Moylan’s victory puts district into ‘lockdown’

 

by RUSS STEWART

There is a numeric difference between a legislative or congressional district that is deemed “safe” for a particular party and one which has been put in “lockdown” by an incumbent, and that difference is 10 percent.

As Democrat Marty Moylan proved in 2016, his Park Ridge-Des Plaines 55th Illinois House District is in lockdown, but it never will be safe. The former means that the incumbent won with 55 to 60 percent of the vote or was unopposed; the latter means that one party’s candidates always win with 60 to 70 percent of the vote.

Moylan won his third term 25,717-17,811, garnering 59 percent of the vote in a turnout of 43,528. His 2016 margin of 7,906 votes over hapless, woefully underfunded Republican Dan Gott culminates a 6-year, three-election-cycle marathon to put the historically Republican district into Democratic lockdown. After winning by 2,610 votes in 2012 and by 1,562 votes in 2014, Moylan tripled his margin in 2016, but the district has too many Republicans to ever be totally safe.

The 55th District is a textbook example of how lockdown works and why Mike Madigan is still the speaker of the Illinois House. The key stages are to defeat (2012), to demoralize (2014) and finally to defund (2016). Moylan’s Republican predecessor was the late Rosemary Mulligan, who was first elected in 1992 and who was referred to as the “Representative from Personal PAC,” Illinois’ premier abortion rights fund-raising committee. In Springfield, the liberal Mulligan was the House’s foremost champion of private and state social service agencies, as well as abortion rights, and those two Democratic constituencies, so near and dear to Madigan (and who gave him oodles of dollars), enabled her to put the district in lockdown. Throughout the 1990s and 2000s, while her district was becoming less conservative and less Republican, Madigan gave her a free pass, never recruiting nor funding a worthy opponent. She beat a pro-life Democrat, Thomas Cahill, in 1998 by 14,380-8,987. In 2002, after the 2001 remap, she won with 60.7 percent of the vote.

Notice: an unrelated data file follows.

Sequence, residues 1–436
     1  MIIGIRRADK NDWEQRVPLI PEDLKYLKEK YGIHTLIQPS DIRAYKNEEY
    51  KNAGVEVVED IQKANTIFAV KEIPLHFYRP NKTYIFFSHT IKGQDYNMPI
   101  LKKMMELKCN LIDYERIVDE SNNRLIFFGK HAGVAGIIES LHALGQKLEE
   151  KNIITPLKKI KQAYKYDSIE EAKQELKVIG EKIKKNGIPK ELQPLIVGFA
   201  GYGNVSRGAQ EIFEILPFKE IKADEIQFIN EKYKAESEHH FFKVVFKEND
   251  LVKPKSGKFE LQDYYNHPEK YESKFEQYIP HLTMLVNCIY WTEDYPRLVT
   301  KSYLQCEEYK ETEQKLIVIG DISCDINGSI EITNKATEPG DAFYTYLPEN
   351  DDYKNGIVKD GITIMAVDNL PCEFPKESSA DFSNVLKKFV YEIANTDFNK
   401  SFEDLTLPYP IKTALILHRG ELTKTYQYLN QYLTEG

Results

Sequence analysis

Personal Pac’s specialty is compiling lists. Anyone who has donated to a pro-choice or feminist group in the last 20 years is on its database, broken down by area or district. Just prior to a primary or an election, Personal PAC sends out an endorsement to pro-choice households. In most cases, the materials go out to support Madigan-picked Democrats against Republicans, but Mulligan always got their backing, and it was more than enough to keep her in office.

Meanwhile, the abortion issue was tearing apart the Maine Township Republicans, and Mulligan’s political base was crumbling. Mulligan beat Penny Pullen, a virulent pro-lifer, in 1992, and her conservative descendants vowed, but never got, revenge — until 2012.

Madigan sensed a 55th District opportunity in 2008, when the Bush Administration was hugely unpopular, recruiting an Asian-American Park Ridge attorney, Aurora Austriaco, and funding her. Mulligan, of Des Plaines, won 21,410-17,816, but for Personal PAC, she would have lost. Lockdown was locked out.

There are both demographic and ideological polarities in the district, between conservative, working-class Des Plaines, with its 1950s housing stock, and upscale, liberal, largely professional Park Ridge, with its country club and pre-World War II housing stock. Mulligan, with her Des Plaines base and Park Ridge appeal, bridged the gap.

Madigan gave Mulligan a pass in 2010, and Mulligan beat her arch enemies, the township officials’ clique, for Republican committeeman, but there was no longer a viable Republican organization nor a Mulligan precinct organization. Her only asset was name recognition. In 2012 her political acumen hit rock bottom, as she botched her nominating petitions and was disqualified from the ballot for insufficient signatures. She tried a write-in campaign, but Springfield Republicans, eager to be rid of her, dispatched money and manpower, and Susan Sweeney, a think tank analyst and a social conservative from Park Ridge, got more write-in votes. Mulligan was locked out, and the district was up for grabs.

Ever watchful, Madigan made sure the 2011 remap made the district winnable and recruited Moylan, the Des Plaines mayor, as the Democratic candidate. The key to an eventual lockdown is to find a candidate who fits the district, with gender, geography and ideology the top criteria. A retired International Brotherhood of Electrical Workers union official and a onetime Republican, Moylan was elected mayor in 2009, and he basked in the glow surrounding the new Rivers Casino, which in 2012 precipitated an $8.8 million cash infusion, which will replicate annually forever. Madigan searches for candidates who have won local office, have a geographic base and name identification, have a work ethic and the time to campaign 5 to 8 hours per day, can waffle on the issues, and will do and vote as they’re told. They’re not plentiful, but Madigan finds them.